Fire officials warn of heating dangers

December 12, 2006|by PEPPER BALLARD

HAGERSTOWN - At least two fires in the Tri-State area this weekend were caused by the improper use of kerosene heaters, and a Hagerstown fire official warns that other alternative heating can cause serious consequences if used incorrectly.

According to the U.S. Fire Administration, from 2002 to 2004, heating was considered the second-leading cause of residential building fires after cooking.

In the late 1970s and early 1980s, heating was the leading cause of residential fires, a trend brought about by a surge in alternative heating in response to energy shortages and environmental concerns, according to a U.S. Fire Administration report.

"Now, with the turn of the economy and the price of fuel, people will be looking to these (alternatives) again," City of Hagerstown Assistant Fire Marshal Richard Miller said.


Five people were killed Saturday in a mobile home fire in Sportsman's Paradise in Berkeley County. Officials have said the blaze was sparked by combustibles placed too close to a kerosene heater.

Miller said a fire Saturday at 224 S. Locust St. in Hagerstown, which forced a family to look for a new home, was caused by an electric heater left on in an unattended room.

Portable space heaters, though dangerous, are not the only culprit when it comes to causing fires, Miller said.

Chimneys cause the most fires, followed by household furnaces, water heaters and supplemental heaters, such as electric or kerosene heaters, according to the U.S. Fire Administration report.

Alternative heating fires can largely be prevented by routine maintenance and some common sense.

Miller highly discourages the use of kerosene heaters in apartment buildings or small homes, such as mobile homes or trailers. According to the Maryland Fire Code, a person may use an unvented, portable kerosene heater in a single-family dwelling or commercial establishment with written consent from the property owner.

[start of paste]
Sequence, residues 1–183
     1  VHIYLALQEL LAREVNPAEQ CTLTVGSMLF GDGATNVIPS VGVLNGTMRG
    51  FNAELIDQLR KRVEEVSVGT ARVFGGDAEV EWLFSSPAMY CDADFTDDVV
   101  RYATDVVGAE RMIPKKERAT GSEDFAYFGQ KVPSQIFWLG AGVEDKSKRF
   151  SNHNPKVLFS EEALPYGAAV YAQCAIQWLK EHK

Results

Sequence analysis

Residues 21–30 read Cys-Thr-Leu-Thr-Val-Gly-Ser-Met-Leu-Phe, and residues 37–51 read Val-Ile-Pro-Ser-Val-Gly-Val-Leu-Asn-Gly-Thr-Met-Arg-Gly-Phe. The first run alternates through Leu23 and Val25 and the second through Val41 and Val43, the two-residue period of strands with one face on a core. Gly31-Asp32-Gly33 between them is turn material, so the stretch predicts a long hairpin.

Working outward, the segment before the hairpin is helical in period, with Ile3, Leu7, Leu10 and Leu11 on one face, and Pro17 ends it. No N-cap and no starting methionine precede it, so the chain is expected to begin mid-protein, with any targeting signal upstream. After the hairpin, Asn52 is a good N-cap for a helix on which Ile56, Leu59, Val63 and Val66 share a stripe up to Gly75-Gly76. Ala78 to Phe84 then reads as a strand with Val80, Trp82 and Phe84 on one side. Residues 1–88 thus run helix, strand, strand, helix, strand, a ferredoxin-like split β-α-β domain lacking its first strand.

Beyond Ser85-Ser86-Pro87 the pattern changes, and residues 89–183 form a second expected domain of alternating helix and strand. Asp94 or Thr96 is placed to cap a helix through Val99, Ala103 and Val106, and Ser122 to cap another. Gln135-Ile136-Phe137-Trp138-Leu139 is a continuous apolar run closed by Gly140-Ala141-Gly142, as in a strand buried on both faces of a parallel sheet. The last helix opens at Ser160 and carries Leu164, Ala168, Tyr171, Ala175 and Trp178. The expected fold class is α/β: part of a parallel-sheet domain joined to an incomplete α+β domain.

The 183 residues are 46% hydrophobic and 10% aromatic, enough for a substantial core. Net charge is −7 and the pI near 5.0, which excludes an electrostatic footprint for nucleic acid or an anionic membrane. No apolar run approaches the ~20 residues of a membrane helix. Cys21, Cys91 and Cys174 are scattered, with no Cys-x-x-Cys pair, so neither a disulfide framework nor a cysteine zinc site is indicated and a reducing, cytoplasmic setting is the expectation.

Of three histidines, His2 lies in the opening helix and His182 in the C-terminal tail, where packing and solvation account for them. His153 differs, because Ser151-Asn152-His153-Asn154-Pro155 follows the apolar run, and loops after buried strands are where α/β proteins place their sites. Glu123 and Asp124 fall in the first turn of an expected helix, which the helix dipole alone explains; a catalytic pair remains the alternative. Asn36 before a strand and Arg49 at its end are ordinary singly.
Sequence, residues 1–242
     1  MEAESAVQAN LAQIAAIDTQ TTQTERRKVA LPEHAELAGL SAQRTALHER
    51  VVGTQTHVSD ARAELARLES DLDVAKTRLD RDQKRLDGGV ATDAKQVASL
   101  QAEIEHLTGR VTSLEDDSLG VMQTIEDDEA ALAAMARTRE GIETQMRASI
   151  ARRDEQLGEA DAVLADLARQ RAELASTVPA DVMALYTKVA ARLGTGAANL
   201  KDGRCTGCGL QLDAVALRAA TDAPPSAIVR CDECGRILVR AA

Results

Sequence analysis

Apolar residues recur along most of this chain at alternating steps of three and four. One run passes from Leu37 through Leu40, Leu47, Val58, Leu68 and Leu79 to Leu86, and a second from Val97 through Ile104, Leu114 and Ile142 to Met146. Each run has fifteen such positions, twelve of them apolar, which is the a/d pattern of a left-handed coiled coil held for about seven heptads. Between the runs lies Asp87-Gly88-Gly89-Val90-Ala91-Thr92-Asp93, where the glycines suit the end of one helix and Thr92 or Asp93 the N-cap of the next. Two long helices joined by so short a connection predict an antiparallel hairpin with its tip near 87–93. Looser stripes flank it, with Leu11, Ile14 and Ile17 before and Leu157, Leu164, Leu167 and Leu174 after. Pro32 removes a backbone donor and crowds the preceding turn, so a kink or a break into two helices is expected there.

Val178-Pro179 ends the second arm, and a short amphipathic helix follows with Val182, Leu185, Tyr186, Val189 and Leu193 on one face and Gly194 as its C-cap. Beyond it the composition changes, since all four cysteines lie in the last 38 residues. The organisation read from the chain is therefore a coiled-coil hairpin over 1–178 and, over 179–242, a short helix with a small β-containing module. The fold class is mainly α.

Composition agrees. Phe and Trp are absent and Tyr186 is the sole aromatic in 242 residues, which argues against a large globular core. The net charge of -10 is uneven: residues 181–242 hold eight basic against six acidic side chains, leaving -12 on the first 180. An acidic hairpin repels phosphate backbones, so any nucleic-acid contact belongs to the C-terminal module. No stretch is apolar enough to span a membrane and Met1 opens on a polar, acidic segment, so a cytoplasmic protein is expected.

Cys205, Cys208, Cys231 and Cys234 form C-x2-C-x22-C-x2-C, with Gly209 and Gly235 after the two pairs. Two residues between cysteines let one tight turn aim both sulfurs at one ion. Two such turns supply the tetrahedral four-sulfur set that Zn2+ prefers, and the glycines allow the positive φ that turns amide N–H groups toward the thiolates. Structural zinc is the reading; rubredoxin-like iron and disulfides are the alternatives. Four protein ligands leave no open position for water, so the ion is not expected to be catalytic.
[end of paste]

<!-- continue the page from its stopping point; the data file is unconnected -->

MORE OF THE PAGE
According to the Maryland code, those heaters may not be used in buildings more than three stories tall, educational buildings, hotels, motels, health-care centers or day-care centers.

Miller said kerosene heaters should be filled outside with kerosene from a clearly labeled container, which is not used for gasoline. He said kerosene heaters should not be filled while warm. For those looking to buy a kerosene heater, Miller said only heaters with a tipover/shut-off switch should be purchased.

With kerosene heaters and other alternative heaters, Miller said a three-foot perimeter free of combustibles should be kept at all times.

Nothing should be placed on top of or above heaters, Miller said.

Pellet stoves and chimneys must be properly maintained, he said. Pellet stoves and electric baseboard heaters should be professionally installed, while chimneys should be professionally cleaned, he said.

"Don't overload electrical circuits," Miller said.

Combustibles should be kept away from all alternative heating devices, he said.

Children and pets should also stay away from alternative heating units, he said.

"Never use a range or an oven to heat the rest of your home," Miller said.

He said it's a commonly used alternative to other heating, but other combustible items could get into the range or oven and cause a fire.

Miller said that winter is a good time to make sure all smoke detectors are in working order.

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